Progressive shock

I couldn’t believe the grade that I was seeing for my finance exam.

Slowly, results of my finals trickled in my inbox, and while they weren’t as high as the grades from last semester, they were high enough for my GPA to be more or less unaffected. I wasn’t particularly happy nor upset. Finally, more than a month after the exam took place, the grades for corporate finance were published.

Without hesitation, I clicked the link to view my grade. In the split second it took for the page to load, I could almost hear my heartbeat quicken. Then the page loaded, and in bold, glaring out at me, I saw “3.9” written on the screen. (This is out of 10, with a minimum passing grade of 5.5.) My eyebrows raised in mild disbelief, and I reloaded the page, believing as if that would somehow change the results.

It didn’t.

In quiet shock, I sit at my desk, unsure of how to proceed. I check the main page again, and see my overall grade for the course. There, I saw that I had just scraped by, achieving the minimum passing grade of 5.5. My midterm grade combined with my final averaged out to a pass. A miniscule portion of my dismay dissipated, as I wouldn’t be required to retake the final exam or the whole course. Shrugging, I texted my regular study partner about how I did, and was more or less unsurprised to hear that he’d also failed. It wasn’t that I expected him to; I just felt cold, immune to any further surprises.

For the next couple hours, knowledge of my failure sat at the back of my mind, a nagging, unsettling feeling that made everything from making lunch to biking to school exasperating. Midway through my bike ride it felt like another wave of shock hit me in the face, stronger than last time. (Or it might have been the wind, it gets gusty in Holland.) I blinked a couple times, then literally shook myself, as if to try and clear off the negative feelings. “How could you possible fail an exam?” was the question being asked incessantly in my head.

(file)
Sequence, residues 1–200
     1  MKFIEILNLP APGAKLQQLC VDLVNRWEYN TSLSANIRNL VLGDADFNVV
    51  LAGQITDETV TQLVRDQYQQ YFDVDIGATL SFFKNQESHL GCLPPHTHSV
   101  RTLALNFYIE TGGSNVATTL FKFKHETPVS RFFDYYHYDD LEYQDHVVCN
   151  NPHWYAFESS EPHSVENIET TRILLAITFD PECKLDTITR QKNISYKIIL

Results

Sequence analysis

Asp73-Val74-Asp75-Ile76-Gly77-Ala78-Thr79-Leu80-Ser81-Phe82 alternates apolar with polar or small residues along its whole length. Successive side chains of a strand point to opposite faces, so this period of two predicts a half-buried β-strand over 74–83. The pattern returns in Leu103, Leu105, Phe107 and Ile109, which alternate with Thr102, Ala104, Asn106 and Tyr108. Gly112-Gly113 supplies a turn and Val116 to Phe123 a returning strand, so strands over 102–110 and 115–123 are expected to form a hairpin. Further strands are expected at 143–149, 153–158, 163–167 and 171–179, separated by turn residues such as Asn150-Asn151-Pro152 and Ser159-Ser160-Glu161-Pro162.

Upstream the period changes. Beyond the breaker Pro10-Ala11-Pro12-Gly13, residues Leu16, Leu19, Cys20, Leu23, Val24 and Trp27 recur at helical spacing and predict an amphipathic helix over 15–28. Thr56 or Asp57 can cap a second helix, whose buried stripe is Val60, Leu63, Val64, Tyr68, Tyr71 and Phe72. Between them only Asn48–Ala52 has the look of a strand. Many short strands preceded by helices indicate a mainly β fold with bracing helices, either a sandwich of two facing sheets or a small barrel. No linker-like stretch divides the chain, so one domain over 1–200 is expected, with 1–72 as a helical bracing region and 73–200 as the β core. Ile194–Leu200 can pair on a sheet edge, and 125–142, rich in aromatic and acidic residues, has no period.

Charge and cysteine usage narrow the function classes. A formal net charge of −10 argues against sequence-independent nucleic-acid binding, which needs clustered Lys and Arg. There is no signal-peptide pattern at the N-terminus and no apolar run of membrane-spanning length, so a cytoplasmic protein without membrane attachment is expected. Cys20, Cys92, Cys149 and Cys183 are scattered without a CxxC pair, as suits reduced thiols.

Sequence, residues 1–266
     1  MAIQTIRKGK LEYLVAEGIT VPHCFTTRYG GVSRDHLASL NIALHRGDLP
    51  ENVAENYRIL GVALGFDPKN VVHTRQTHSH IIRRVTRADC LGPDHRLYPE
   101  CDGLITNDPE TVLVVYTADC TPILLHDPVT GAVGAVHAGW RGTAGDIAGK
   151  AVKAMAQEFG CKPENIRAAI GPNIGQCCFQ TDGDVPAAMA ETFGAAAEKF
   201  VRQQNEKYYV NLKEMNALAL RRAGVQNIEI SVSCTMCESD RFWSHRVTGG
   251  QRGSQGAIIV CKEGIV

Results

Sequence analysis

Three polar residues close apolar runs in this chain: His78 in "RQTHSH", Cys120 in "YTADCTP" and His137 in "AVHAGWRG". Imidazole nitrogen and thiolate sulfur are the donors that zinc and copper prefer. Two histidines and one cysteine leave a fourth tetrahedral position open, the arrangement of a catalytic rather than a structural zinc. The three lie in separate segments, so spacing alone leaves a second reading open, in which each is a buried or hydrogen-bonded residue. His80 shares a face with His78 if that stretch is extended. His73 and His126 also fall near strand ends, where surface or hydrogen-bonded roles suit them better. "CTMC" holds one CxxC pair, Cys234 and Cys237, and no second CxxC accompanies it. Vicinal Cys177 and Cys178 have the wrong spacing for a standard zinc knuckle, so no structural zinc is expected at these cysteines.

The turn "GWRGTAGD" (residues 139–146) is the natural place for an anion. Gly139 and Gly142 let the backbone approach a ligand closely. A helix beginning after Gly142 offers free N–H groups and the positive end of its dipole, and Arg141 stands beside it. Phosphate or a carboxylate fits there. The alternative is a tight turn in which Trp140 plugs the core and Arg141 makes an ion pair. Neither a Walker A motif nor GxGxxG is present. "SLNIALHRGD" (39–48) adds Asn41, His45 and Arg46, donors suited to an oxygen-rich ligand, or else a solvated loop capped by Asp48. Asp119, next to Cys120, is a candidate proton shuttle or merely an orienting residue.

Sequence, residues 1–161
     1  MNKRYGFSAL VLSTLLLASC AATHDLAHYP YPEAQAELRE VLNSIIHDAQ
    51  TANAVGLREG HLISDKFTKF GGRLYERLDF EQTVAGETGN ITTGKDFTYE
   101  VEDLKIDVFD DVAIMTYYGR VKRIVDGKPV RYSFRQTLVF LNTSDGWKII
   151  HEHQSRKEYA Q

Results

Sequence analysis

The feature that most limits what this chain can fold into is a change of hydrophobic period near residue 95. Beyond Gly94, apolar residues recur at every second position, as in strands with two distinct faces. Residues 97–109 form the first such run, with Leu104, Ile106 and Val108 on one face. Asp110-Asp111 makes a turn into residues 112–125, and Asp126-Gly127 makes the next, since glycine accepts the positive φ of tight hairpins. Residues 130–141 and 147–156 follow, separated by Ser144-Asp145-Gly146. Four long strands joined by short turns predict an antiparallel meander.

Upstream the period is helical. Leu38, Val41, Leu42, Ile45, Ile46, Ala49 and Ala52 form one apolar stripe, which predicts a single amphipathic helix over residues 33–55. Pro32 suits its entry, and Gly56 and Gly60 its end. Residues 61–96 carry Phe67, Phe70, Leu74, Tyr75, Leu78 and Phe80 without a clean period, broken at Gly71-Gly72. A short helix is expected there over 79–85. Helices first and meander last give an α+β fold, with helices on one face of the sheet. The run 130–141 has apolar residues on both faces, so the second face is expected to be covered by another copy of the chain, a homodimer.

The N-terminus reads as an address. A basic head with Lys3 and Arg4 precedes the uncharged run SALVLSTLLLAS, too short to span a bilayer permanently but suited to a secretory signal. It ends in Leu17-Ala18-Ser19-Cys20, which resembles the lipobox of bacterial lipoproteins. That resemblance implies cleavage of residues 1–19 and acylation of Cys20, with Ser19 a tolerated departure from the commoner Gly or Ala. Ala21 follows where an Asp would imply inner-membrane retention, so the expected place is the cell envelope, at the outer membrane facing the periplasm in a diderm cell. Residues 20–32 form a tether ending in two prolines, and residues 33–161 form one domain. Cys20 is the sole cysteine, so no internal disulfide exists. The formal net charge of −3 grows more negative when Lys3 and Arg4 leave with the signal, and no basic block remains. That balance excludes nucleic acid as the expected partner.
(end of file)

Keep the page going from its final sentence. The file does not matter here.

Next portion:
Sitting in a two hour lecture allowed the shock to fester, and by the time I stepped out I was a step away from just yelling out my frustration. “Why did you have to be so stupid enough to fail the exam?” became the next question asked on repeat.

I am grateful to my friends, because the shock peaked and then faded in lieu of laughs and conversation when we all sat down in the food court on campus. After some light-hearted banter about how dumb we must be to have done so badly, one of them offered to buy all-you-can-eat dinner for all of us, to lift our spirits. (He’d just made 100% return on his Bitcoin investment, wisely deciding to sell well before the bubble burst.) Amongst good food, good company and some drinks afterwards, thoughts about the exam drifted to the background once more.

I don’t have a lesson to end this post on. I would like to say something like “pick yourself up after failure”, “you’re the only one who can fix your own mistakes” or “stop being upset and start working”, but I don’t feel as if I’ve even started  to follow any of those pieces of advice. I know I should, but I haven’t. It feels as if the shock has stripped away my motivation, my purpose for trying to do well in school.

I hope I rediscover it soon.

Shock

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